Revive and promote the seal hunt, federal report recommends

When Paul McCartney campaigned against the seal hunt in 2006, it was unclear how reliant the Inuit and some coastal community economies were on the trade.

“We are concerned about the economics for the people, but we think there are other ways to do it,” McCartney said at the time.

Three years later, the European Union banned all seal products. The market for seal products was decimated, and with it came the rise of poverty and suicide within Inuit communities despite exemptions for their products, Steven Lonsdale of the Qikiqtani Inuit Association told the Senate Committee on Fisheries and Oceans late last year.

Now, a new report from that committee acknowledges the harm done by the ban and recommends Ottawa must do more to revive the struggling industry in what it has branded a call to action.

Ottawa should do more to promote community and scientific research on seal populations, lobby, promote and market Canada’s seal industry and remove tax exemptions for non-governmental organizations who campaign against the seal industry, the report states.

There is little research on some species of seals, such as those on the Pacific coast. However, seal numbers are known to be healthy, with some testimonies at the committee pointing to high populations of seals harming fish stock on the east coast, though gaps in scientific research and data make the impact of seal populations on Canada’s fishing industry unclear, the report said.

The report follows decades of economic collapse suffered by the seal industry that once sustained Inuit and coastal communities. That collapse was spurred by animal rights activists, including McCartney, who lobbied to end the hunt, causing bans of seal products in the European Union.

A commercial market is also important for Inuit and coastal First Nation economies, given the need to pass traditional knowledge around seal harvesting and to create opportunities for moderate livelihoods in the north, the report said.

The report recommends removing tax exemptions for non-governmental organizations that hurt the seal industry and Inuit communities. These organizations do so by vilifying the industry, said Senator Fabian Manning, who chairs the committee that authored the report, at a press conference on Thursday.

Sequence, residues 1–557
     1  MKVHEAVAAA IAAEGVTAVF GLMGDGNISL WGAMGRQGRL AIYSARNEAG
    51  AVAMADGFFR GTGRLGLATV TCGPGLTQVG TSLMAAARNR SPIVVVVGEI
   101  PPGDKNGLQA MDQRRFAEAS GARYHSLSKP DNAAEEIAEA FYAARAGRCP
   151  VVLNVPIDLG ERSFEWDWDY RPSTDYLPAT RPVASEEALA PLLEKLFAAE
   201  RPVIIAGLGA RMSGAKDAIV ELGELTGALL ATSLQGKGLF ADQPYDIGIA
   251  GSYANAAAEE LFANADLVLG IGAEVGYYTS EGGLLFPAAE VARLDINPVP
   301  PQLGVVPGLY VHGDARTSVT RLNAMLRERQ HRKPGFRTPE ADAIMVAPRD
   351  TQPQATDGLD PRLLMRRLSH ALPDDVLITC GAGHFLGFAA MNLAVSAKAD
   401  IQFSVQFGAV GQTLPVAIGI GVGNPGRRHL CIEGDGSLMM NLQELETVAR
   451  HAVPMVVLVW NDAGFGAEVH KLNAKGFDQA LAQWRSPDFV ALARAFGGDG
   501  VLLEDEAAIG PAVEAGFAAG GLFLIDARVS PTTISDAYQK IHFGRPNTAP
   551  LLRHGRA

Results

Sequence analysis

“If they continue to vilify and lie about the seal industry in Canada, they should definitely not receive a tax benefit from Canada,” Manning added, questioning why Ottawa sits back on seals while it defends the beef, pork and chicken industries.

There are still some animal rights organizations that campaign against the seal harvest, including People for the Ethical Treatment of Animals (PETA).

“The Senate committee’s attempt to silence organizations that speak out against the cruel commercial seal slaughter should raise the alarm among all who value their freedom of expression,” PETA said in a statement.

Meanwhile, Greenpeace, which had previously been active in campaigning against the seal hunt, apologized to the Inuit in 2014.

Lifting the ban on seal products in the European Union will be an “uphill battle,” Manning said. But Asian, domestic and U.S. markets might be able to fill the gap if stigmas against seal products are erased and the current U.S. ban is lifted.

“They love the products [we] have, but they can't buy them,” he said.

Around 90 per cent of Canada’s seal harvest occurs in Nunavut, said Senator Brian Francis at Thursday’s press conference.

Currently, only one seal processing plant remains in Canada, located in Newfoundland. The processing plant has enough capacity to handle a revived seal industry.

The Department of Fisheries and Oceans has set no limits to the number of seals harvesters can catch, according to senior director Todd Williams, who spoke at an earlier committee meeting.

Such limits aren’t needed because the number of seals caught for market is so low; since 2016, the harvest has not reached previous benchmarks, according to the report.

Matteo Cimellaro / Canada’s National Observer / Local Journalism Initiative

Matteo Cimellaro, Local Journalism Initiative Reporter, Canada's National Observer